Proassurance Specialty Ins. Co. v. Imperial Realty Co.

Decision Date22 June 2021
Docket NumberNo. 20-cv-1409,20-cv-1409
Citation545 F.Supp.3d 618
Parties PROASSURANCE SPECIALTY INSURANCE COMPANY, INC., Plaintiff, v. IMPERIAL REALTY COMPANY et al., Defendants.
CourtU.S. District Court — Northern District of Illinois

William K. McVisk, Jennifer Marie Theodore, Tressler LLP, Chicago, IL, for Plaintiff.

James Joseph Hickey, Sean Michael Phillips, Kennedys Cmk LLP, Chicago, IL, for Defendant Imperial Realty Company.

David B. Honig, Hall, Render, Killian, Heath & Lyman, P.C., Indianapolis, IN, for Defendant Rogers Memorial Hospital, Inc.

Memorandum Opinion and Order

Elaine E. Bucklo, United States District Judge Paula Young, a clinical psychologist working as Clinical Director of the Rogers Behavioral Health Center, slipped and fell on a liquid left on the floor of the women's bathroom at her workplace and was injured. Ms. Young sued Imperial Realty Company ("Imperial"), the operator of her office building at 4711 Golf Road in Skokie, Illinois, in Cook County state court, claiming negligence and violations of the Illinois Premises Liability Act. See Young v. Imperial Realty Co. , No. 2018-L-012315 (Ill. Cir. Ct. Nov. 13, 2018); ECF No. 24-4. Imperial then filed a third-party complaint against Ms. Young's employer, Rogers Memorial Hospital, Inc. ("Rogers"), seeking contribution. ECF No. 24-6.

The instant insurance dispute relates to a health care facility liability insurance policy issued by Plaintiff ProAssurance Specialty Insurance Company, Inc. ("ProAssurance") to Ms. Young's employer, Rogers, Policy No. CH173. ECF No. 24-2. ProAssurance filed this suit seeking a declaration that it does not have a duty to defend or indemnify Rogers or Imperial under that insurance policy in connection with the underlying litigation in Cook County state court. ECF No. 24. Imperial, for its part, filed counterclaims seeking an opposite declaratory judgment—that ProAssurance does have a duty to defend and indemnify Imperial under the policy. ECF No. 29 ¶¶ 30-48.

Two motions are currently pending: Imperial's motion for summary judgment, ECF No. 40, and ProAssurance's cross motion for judgment on the pleadings under Federal Rule of Civil Procedure 12(c), ECF No. 42. Because I conclude that ProAssurance has no duty to defend or indemnify Rogers or Imperial under the insurance policy at issue, Imperial's motion for summary judgment is denied and ProAssurance's motion for judgment on the pleadings is granted.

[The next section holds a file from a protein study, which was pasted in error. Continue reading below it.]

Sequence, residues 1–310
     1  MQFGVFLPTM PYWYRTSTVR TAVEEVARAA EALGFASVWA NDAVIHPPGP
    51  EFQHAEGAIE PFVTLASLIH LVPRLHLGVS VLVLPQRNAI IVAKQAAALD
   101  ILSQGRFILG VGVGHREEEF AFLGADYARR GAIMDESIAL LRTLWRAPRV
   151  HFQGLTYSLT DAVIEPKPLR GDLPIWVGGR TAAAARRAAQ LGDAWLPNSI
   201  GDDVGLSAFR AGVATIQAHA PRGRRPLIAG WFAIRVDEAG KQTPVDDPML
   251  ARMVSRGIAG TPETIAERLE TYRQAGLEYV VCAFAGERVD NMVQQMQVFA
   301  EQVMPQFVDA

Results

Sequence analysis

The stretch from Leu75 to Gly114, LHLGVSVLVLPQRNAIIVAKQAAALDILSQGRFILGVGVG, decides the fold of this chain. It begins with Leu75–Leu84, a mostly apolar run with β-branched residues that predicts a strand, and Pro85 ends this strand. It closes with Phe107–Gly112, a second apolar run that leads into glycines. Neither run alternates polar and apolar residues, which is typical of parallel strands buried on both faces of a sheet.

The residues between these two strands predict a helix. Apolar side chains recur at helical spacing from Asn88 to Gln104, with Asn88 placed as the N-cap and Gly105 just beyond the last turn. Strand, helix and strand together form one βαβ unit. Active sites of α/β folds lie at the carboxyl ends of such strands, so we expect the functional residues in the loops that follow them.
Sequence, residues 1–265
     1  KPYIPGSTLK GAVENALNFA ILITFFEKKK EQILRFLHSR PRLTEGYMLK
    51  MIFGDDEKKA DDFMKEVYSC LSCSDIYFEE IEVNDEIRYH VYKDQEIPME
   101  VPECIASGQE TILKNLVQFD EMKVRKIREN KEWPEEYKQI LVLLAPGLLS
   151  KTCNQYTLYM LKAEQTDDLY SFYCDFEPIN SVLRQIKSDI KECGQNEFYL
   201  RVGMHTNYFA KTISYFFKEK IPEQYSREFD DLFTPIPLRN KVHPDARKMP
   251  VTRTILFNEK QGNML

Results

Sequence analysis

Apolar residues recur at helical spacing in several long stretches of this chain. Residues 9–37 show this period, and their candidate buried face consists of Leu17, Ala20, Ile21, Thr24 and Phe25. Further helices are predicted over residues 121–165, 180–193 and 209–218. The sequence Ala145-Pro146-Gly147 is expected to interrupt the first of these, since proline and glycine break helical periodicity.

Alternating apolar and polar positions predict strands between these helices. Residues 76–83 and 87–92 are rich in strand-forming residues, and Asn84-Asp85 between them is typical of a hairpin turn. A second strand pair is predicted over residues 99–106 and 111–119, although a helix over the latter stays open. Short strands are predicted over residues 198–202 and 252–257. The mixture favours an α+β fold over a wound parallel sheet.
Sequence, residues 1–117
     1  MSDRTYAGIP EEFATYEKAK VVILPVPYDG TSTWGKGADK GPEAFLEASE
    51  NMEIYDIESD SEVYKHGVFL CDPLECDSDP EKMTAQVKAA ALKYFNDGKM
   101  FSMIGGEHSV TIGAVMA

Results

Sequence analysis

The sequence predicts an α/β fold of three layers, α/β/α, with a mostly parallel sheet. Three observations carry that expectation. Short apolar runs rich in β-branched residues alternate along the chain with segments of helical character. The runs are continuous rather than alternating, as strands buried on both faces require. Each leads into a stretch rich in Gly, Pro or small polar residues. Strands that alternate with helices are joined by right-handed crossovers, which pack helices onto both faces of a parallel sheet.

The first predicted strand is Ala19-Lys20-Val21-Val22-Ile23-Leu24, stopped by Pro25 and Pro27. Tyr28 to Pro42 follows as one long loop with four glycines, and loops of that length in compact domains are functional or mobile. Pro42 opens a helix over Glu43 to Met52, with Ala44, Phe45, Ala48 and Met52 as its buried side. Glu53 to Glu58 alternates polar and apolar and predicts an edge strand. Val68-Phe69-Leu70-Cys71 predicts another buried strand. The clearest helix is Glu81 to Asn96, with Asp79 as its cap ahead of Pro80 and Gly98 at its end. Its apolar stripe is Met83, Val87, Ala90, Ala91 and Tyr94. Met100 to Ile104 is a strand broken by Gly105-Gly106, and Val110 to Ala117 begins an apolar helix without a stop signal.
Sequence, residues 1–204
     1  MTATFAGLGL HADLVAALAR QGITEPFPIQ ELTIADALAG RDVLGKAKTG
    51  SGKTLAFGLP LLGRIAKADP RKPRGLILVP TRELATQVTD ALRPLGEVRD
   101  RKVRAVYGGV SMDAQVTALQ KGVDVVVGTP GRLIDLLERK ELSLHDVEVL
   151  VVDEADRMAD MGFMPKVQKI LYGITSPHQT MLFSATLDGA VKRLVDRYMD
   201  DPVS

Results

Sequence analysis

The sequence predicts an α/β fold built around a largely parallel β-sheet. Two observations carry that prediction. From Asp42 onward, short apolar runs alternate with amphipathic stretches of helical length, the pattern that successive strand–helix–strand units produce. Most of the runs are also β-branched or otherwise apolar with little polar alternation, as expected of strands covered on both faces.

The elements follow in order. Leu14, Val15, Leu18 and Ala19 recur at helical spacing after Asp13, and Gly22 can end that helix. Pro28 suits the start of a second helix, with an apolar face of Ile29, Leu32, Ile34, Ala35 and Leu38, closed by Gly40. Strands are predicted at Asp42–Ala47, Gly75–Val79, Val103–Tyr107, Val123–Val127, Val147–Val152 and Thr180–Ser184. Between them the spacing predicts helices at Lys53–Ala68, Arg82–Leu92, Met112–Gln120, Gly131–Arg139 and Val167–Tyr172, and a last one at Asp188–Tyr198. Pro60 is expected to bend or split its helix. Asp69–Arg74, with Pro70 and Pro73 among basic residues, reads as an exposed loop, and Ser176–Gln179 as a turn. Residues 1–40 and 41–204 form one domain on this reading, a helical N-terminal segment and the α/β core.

I.

Under Federal Rule of Civil Procedure 12(c), a party may move for judgment on the pleadings after the complaint and answer have been filed. Where, as here, "the movant seeks to ‘dispose of the case on the basis of the underlying substantive merits[,] ... the appropriate standard is that applicable to summary judgment, except that the court may only consider the contents of the pleadings.’ " U.S. Specialty Ins. Co. v. Vill. of Melrose Park , 455 F. Supp. 3d 681, 687 (N.D. Ill. 2020) (citing Alexander v. City of Chicago , 994 F.2d 333, 336 (7th Cir. 1993) ). Accordingly, "I apply the same standard to each of the pending motions, except that I may consider undisputed facts outside of the pleadings and their attachments to resolve [the] summary judgment motion." Admiral Ins. Co. v. Anderson , No. 19 C 3468, 2021 WL 1172241, at *3 (N.D. Ill. Mar. 29, 2021). That is, I will grant the motions only if "no genuine issues of material fact remain to be resolved and ... the [movant] is entitled to judgment as a matter of law." Alexander , 994 F.2d at 336.

As a preliminary matter, the parties disagree as to whether Illinois or Wisconsin law applies to this dispute. "As this suit was filed in Illinois, Illinois's choice of law rules will govern." Knoll Pharm. Co. v. Auto. Ins. Co. of Hartford , 152 F. Supp. 2d 1026, 1032 (N.D. Ill. 2001) (citing Jupiter Aluminum Corp. v. Home Ins. Co. , 225 F.3d 868, 873 (7th Cir. 2000) ). Under Illinois's rules, "an express choice of law clause in an insurance policy w[ill] determine which state's law to apply." Id. (citing Lapham-Hickey Steel Corp. v. Prot. Mut. Ins. Co. , 166 Ill.2d 520, 211 Ill.Dec. 459, 655 N.E.2d 842, 845 (1995) ). Here, the policy contains the following choice-of-law clause: "The policy shall be construed, and the legal relations between us and the insureds (and anyone claiming any interest in or rights under the policy) shall be determined, in accordance with the laws of the State in which the address of the policyholder, as specified in the Coverage Summary, is located...." ECF No. 24-2 at 13 § M (emphasis omitted). The coverage summary lists an address for the policyholder, Rogers, in Oconomowoc, Wisconsin. Id. at 3 § 1. Accordingly, pursuant to the policy's choice-of-law provision, Wisconsin law will apply.